No limits at the BoJ

Emily Nicol
Chris Scicluna

Overview:
A busy week for the major central banks got underway today with the BoJ significantly upping its support for Japan’s corporate sector and ditching its pretence of an upper limit to its JGB purchases. In particular, the BoJ decided to:

1) Increase significantly its additional purchases of CP and corporate bonds to be conducted in the six months to September by ¥13trn to about ¥15tn. The additional purchases will be split equally between CP and corporate bonds. On top of those extra purchases, the BoJ’s existing holdings of each asset class will be maintained at about ¥2trn and ¥3trn respectively, thus taking its total holdings to ¥20trn. In addition, the issue and issuer limits on its purchases of CP and corporate bonds will be raised significantly. And the maximum remaining maturity of corporate bonds to be purchased will be extended from 3 years to 5 years.

2) Augment the Special Funds-Supplying Operations to Facilitate Financing in Response to the Novel Coronavirus (COVID-19) introduced last month by:

(i) expanding the range of eligible collateral accepted under the scheme;

(ii) increasing the number of eligible counterparties; and

(iii) reducing the disincentive for banks to participate in the scheme by applying an interest rate of 0.1% to the amount of funds drawn under it on their outstanding current account balances held at the central bank.

The BoJ staff were also tasked with coming up with an additional new measure to support SME finance.

3) Make additional purchases of JGBs and T-Bills of a “necessary amount…without setting a limit”, to maintain bond market stability and stabilise “the entire yield curve at a low level” at a time when the government will significantly increase its new issuance. This move, which echoes that of the Fed, allowed it to drop its long-held (but long-undershot) target of ¥80trn for the rate of increase in its stock of JGB holdings. And it committed to purchase JGBs “promptly and appropriately” in the event of a rapid increase in yields.

4) Leave unchanged its purchase targets for the annual increase in its holdings of ETFs and J-REITs, which were increased last month to about ¥12trn and ¥180bn respectively.

5) Closely monitor the impact of Covid-19 and pledge to take additional easing measures if necessary. In his press conference, Kuroda noted that rate cuts were among the possible options. Of course, given concerns about the stability of the financial system, any such move would be accompanied by a further reduction in the share of banks’ excess deposits held at the central bank subject to the negative interest rate.

Asia’s financial markets had already started the week in upbeat mode. But the BoJ’s policy announcement supported that risk appetite, and, with the yen depreciating to its weakest level in almost two weeks, the Nikkei-225 closed up 2.7%. JGBs made gains across the curve, most significantly at the short end (2Y yields down about 2.5bps to close to -0.20%).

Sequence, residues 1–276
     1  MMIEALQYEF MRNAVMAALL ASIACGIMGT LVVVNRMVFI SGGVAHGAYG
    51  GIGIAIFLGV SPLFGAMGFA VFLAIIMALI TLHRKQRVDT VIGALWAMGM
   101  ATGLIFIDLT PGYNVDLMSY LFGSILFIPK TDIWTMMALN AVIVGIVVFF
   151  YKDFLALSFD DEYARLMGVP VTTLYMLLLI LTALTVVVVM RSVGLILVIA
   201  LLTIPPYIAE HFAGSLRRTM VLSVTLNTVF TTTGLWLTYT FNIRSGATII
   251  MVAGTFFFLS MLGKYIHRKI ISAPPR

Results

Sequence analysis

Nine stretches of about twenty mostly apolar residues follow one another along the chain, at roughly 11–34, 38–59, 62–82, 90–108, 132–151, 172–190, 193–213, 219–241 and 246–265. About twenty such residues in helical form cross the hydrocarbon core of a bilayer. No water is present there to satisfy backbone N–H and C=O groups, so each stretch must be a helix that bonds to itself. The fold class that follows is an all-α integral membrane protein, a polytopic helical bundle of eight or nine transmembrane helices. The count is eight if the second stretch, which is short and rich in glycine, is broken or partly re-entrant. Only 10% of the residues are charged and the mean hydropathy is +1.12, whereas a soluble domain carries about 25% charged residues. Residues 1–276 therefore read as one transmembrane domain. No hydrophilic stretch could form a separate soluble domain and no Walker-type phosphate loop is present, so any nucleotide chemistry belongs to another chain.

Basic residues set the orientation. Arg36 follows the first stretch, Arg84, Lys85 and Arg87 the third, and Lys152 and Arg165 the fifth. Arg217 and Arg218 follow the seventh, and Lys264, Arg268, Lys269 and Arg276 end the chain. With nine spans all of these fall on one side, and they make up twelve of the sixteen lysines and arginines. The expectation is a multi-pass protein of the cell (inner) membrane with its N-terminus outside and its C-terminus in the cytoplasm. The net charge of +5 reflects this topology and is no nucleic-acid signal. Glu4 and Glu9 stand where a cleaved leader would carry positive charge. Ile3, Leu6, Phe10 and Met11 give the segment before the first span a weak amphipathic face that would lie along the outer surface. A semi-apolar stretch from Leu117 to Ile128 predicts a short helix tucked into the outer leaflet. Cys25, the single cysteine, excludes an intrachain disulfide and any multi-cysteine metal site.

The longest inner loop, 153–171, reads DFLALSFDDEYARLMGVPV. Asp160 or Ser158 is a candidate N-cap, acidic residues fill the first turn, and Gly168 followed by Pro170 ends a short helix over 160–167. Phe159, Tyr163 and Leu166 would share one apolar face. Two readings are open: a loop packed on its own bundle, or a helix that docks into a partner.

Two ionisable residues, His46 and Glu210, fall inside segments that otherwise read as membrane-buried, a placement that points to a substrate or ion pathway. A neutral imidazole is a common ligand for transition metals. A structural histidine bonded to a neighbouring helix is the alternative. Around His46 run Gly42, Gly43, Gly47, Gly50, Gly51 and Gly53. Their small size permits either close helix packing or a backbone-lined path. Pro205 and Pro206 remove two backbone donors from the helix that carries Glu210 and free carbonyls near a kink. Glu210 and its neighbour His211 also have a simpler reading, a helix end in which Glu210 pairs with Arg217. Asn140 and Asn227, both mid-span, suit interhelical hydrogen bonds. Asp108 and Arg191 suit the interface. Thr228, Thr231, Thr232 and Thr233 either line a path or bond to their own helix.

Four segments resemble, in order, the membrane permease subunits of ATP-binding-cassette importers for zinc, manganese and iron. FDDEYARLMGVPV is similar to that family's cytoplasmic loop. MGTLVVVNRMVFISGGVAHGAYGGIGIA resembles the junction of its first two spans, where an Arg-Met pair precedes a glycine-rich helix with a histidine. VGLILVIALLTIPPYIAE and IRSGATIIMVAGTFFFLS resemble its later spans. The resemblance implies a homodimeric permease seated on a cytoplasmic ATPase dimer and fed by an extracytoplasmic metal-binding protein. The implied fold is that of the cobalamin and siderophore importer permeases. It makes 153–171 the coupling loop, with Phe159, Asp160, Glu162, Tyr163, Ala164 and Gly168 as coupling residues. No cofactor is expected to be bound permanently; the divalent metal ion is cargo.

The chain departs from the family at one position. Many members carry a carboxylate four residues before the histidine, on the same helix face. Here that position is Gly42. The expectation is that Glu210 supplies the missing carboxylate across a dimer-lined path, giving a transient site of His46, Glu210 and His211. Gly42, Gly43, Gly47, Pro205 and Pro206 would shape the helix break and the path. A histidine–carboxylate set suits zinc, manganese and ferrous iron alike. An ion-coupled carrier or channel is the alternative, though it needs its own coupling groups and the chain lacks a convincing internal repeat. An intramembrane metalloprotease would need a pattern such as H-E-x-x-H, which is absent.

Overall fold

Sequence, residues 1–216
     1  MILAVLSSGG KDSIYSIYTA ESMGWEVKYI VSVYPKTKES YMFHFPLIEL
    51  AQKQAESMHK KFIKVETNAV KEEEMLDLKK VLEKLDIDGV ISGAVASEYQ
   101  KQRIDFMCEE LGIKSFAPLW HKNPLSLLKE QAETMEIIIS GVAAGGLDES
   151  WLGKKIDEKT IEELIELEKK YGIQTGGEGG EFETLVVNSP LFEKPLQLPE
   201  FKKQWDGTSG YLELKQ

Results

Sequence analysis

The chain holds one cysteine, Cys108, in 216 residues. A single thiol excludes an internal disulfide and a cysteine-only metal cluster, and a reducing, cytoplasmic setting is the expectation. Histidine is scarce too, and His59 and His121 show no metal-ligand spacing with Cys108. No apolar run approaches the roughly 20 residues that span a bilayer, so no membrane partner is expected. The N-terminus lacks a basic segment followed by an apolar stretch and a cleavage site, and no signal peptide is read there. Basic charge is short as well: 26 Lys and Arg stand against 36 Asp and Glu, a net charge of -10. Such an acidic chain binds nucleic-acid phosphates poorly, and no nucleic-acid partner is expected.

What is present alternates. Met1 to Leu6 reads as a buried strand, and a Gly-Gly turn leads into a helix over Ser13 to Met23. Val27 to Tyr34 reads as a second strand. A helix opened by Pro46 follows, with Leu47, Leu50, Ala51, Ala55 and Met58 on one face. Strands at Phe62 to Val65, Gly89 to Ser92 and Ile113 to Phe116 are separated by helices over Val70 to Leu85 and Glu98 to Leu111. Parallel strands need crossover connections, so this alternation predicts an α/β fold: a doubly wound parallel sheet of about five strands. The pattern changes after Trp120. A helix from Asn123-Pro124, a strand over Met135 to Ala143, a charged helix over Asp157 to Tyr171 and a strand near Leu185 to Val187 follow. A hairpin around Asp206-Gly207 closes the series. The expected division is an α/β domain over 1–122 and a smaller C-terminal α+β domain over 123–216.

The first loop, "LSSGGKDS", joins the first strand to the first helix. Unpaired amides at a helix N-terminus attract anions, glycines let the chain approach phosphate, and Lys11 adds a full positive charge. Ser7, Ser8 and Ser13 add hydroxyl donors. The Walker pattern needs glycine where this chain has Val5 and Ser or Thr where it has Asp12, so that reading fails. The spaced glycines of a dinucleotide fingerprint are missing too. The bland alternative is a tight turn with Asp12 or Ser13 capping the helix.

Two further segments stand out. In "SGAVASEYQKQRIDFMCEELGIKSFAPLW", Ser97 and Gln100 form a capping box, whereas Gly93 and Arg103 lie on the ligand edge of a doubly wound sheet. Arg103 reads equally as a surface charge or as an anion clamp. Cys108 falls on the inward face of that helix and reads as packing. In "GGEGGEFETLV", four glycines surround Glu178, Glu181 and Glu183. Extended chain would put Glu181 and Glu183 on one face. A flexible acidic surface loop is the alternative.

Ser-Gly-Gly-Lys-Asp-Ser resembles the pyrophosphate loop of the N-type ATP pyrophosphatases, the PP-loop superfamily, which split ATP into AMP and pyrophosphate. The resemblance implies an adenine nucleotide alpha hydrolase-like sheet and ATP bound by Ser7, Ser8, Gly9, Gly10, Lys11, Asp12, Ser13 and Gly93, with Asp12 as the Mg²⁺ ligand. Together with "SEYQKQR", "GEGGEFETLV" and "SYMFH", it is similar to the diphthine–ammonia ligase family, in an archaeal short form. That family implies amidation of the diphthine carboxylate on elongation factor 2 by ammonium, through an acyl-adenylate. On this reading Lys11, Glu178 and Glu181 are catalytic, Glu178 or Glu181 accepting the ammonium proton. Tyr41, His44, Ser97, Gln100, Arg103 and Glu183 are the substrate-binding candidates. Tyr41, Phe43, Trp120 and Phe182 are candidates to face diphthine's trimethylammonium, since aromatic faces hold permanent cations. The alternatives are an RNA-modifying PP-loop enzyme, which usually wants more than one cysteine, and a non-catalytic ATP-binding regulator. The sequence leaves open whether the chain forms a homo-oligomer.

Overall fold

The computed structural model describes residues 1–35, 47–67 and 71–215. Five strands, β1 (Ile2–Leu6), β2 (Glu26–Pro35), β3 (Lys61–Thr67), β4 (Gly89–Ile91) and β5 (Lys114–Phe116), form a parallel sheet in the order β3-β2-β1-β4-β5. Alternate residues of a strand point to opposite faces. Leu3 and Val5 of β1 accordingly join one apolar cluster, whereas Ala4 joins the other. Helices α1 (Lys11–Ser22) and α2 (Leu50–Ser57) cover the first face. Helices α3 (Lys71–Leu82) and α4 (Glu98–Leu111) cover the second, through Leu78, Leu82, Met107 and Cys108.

USTs reversed earlier losses following the BoJ’s announcement. And while all major European government bonds have also opened higher, BTPs have significantly outperformed, with 10Y yields currently down 10bps. That follows the announcement by S&P after Friday’s market closure that it would not revise down its Italian sovereign rating, despite plans for a significant increase in the government’s deficit target to above 10% of GDP this year. It also follows confirmation from Italian PM Conte that the government will start to relax its national lockdown measures from 4 May, with the Spanish and French leaders also planning to outline exit strategies this week.

Looking ahead, we expect the policy announcements by the Fed (Wednesday) and ECB (Thursday) to bring fewer new initiatives. Indeed, the emphasis in both cases is likely to be on implementing current commitments. Nevertheless, there might well be tweaks made by both central banks to their various purchase and liquidity programmes. Indeed, last week’s announcement by the ECB of an adjustment of its collateral rules to allow the use of securities of “fallen angels” in its liquidity regime might see such paper incorporated in its asset purchase programme. And given the marked deterioration in the economic outlook, and the significant upwards pressure placed on BTPs and other periphery bonds over the past week, we do not rule out an increase in the ECB’s €750bn PEPP purchase ceiling, although that announcement might be more likely to come in the summer.

Data-wise, the highlights include first estimates of Q1 GDP in the US (Wednesday) and euro area (Thursday), which are far more uncertain that usual. Daiwa America Chief Economist Mike Moran expects a drop of 2.5%Q/Q ann. in the US. And we expect a drop of close to 4% or worse in the euro area.